by John Boyne
It’s 1936 and seven-year-old Pierrot Fischer is living in Paris with his French mother. Pierrot’s German father, who was afflicted by his service in the Great War, left the family shortly after Pierrot’s fourth birthday. Although he misses his father deeply, Pierrot is content with his life in Paris with his mother, particularly as he has his best friend, Anshel, to keep him company.
One day Pierrot’s mother coughs up blood and a few short weeks later she is dead. Pierrot is now an orphan, all alone in the world. He stays with Anshel and his mother for a while, but the single mother doesn’t make enough money to support two children so Pierrot is eventually sent to an orphanage.
“THE BOY AT THE TOP OF THE MOUNTAIN...adds a fresh and important viewpoint on WWII and the Holocaust for readers of all ages.”
Life is difficult for Pierrot at the orphanage. However, his stay there is short-lived as Pierrot’s aunt Beatrix, who he has never met, has been tracked down and wants Pierrot to come live with her. She lives in Austria and is a maid at The Berghof, which is located in the Bavarian Alps. Pierrot’s life is about to change irrevocably, as is the trajectory of the world.
In preparation for Pierrot’s first meeting with the master of the house, Beatrix outfits Pierrot in traditional German attire, informs him that he will now be called Pieter and instructs him not to discuss his life in Paris --- especially not his friend Anshel. You see, The Berghof is the country home of Adolf Hitler.
At first, Pieter doesn’t know what to make of the Fuhrer and the Fuhrer, who has very little experience with children, doesn’t know what to make of Pieter. However, it is not long before the two become companions and confidantes.
THE BOY AT THE TOP OF THE MOUNTAIN follows Pieter’s stay at The Berghof until 1945. During the nine years that Pieter is acquainted with Hitler, the Fuhrer’s influence on him grows. This influence alters Pieter’s thoughts, shapes his beliefs and, ultimately, dictates his choices and actions.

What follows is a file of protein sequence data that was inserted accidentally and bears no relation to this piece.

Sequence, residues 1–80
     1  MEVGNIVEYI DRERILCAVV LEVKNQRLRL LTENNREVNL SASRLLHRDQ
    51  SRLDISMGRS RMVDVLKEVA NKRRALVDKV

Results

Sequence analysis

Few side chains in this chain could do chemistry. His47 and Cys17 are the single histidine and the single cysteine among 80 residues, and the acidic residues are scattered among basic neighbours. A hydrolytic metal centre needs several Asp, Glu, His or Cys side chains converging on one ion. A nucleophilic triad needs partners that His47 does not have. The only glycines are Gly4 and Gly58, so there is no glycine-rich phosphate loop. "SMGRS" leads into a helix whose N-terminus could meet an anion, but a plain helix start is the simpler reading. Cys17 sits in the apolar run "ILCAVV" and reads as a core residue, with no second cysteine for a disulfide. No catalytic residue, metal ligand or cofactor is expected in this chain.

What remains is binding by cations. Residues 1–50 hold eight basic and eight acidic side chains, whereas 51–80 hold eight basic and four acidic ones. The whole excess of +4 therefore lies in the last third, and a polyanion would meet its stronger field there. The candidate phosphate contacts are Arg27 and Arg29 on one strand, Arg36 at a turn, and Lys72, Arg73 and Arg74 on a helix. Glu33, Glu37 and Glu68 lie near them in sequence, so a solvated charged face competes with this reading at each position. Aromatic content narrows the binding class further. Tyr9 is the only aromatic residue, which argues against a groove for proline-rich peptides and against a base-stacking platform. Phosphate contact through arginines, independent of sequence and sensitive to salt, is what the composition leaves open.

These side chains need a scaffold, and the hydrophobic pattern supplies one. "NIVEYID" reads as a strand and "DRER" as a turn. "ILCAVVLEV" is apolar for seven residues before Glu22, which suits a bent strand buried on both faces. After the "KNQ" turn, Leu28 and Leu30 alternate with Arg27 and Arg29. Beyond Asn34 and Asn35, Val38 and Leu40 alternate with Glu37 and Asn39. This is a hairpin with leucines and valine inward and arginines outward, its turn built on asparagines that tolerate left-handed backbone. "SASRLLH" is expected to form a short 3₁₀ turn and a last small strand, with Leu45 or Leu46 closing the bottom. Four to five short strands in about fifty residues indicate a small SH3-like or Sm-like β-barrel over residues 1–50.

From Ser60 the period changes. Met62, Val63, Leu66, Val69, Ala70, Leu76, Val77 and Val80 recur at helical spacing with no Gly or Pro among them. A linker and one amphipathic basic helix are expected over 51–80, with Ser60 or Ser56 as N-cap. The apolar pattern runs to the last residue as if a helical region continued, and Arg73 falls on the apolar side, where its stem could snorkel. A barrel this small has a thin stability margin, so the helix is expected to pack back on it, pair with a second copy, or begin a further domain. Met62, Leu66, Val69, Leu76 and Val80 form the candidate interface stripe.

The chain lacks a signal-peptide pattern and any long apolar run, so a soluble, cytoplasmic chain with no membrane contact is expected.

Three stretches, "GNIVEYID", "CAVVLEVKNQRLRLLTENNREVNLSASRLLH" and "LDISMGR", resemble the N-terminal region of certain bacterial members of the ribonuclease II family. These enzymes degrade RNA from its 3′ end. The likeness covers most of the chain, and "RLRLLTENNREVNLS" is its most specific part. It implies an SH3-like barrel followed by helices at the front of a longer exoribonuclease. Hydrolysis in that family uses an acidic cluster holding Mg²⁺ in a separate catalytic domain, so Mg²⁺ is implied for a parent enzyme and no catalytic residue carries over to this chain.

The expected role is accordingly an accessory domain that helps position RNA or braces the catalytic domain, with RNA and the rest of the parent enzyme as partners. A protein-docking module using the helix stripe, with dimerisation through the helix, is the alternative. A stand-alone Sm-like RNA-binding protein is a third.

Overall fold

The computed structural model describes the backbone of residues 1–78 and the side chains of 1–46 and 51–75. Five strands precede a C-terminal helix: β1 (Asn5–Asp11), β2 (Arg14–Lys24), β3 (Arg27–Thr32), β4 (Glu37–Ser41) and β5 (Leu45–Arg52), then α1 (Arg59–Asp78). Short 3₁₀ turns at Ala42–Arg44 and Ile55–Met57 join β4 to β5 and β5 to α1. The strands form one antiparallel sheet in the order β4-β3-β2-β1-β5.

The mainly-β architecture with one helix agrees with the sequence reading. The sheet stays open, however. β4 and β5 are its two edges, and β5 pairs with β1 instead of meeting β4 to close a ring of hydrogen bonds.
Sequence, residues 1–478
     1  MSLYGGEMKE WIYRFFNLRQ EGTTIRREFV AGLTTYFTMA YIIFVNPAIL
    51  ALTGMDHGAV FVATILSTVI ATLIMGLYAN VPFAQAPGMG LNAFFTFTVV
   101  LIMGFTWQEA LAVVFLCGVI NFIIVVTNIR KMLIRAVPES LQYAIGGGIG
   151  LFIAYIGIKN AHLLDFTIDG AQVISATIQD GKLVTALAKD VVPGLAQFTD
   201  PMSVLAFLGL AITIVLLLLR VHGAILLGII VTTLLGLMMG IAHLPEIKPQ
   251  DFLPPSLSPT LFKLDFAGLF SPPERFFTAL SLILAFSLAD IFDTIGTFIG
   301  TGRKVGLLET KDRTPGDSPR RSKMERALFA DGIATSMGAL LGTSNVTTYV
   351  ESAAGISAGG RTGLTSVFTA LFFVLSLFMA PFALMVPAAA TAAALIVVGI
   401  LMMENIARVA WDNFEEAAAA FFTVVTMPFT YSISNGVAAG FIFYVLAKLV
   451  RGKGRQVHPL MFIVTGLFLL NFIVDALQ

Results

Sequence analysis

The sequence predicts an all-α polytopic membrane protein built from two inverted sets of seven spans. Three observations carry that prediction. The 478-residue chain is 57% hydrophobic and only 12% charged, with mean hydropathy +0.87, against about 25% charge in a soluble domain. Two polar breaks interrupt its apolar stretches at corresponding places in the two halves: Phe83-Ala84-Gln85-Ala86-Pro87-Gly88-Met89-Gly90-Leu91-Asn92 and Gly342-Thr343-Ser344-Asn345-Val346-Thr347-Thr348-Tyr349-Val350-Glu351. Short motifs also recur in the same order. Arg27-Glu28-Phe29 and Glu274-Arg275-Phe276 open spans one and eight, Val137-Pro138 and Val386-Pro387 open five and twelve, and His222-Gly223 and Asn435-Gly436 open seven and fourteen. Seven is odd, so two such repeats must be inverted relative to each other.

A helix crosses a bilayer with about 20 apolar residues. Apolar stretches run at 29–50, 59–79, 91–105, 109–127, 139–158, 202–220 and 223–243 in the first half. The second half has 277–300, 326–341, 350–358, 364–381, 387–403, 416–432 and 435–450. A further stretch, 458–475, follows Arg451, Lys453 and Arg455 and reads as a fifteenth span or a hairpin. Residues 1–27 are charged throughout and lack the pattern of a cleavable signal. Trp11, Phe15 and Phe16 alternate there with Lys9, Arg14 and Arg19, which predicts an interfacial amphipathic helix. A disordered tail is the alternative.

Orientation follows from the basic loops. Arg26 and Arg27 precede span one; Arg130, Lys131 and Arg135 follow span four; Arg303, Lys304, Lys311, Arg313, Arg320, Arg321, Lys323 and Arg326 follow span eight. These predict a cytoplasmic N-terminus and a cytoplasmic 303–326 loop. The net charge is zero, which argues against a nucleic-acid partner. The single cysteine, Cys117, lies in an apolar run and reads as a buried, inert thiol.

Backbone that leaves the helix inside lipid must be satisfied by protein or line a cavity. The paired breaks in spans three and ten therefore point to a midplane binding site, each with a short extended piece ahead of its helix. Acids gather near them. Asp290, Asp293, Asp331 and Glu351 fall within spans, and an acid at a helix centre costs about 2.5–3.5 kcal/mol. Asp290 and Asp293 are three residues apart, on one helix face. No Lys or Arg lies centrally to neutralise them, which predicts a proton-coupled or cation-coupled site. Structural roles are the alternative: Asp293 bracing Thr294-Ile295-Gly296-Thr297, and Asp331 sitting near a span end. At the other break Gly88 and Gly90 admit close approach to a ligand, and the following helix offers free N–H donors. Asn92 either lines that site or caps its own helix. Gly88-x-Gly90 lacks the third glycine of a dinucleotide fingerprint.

Just as Boyne does in THE BOY IN THE STRIPED PAJAMAS, he examines the events of WWII and the Holocaust through the eyes of the child or an innocent. However, unlike THE BOY IN THE STRIPED PAJAMAS, THE BOY AT THE TOP OF THE MOUNTAIN takes a much more critical stance on what it means to be innocent and who is culpable for the atrocities committed during this time period. In many ways, Pierrot/Pieter represent all those who became aware of Hitler’s actions over the course of time, but did nothing to stop them. Pierrot enters The Berghof an innocent child unaware of the differences between people, but Pieter leaves nine years later well aware of the supposed differences between “people” and the steps the Fuhrer took to purify his people and eliminate these differences.
THE BOY AT THE TOP OF THE MOUNTAIN, just like Boyne’s THE BOY IN THE STRIPED PAJAMAS, adds a fresh and important viewpoint on WWII and the Holocaust for readers of all ages. But like all great literature, the questions and themes that arise in THE BOY AT THE TOP OF THE MOUNTAIN can be applied across situations and time periods. And are, in many ways, just as relevant, if not more relevant, to today than to the setting of the book.
Reviewed by Aimee Rogers on July 20, 2016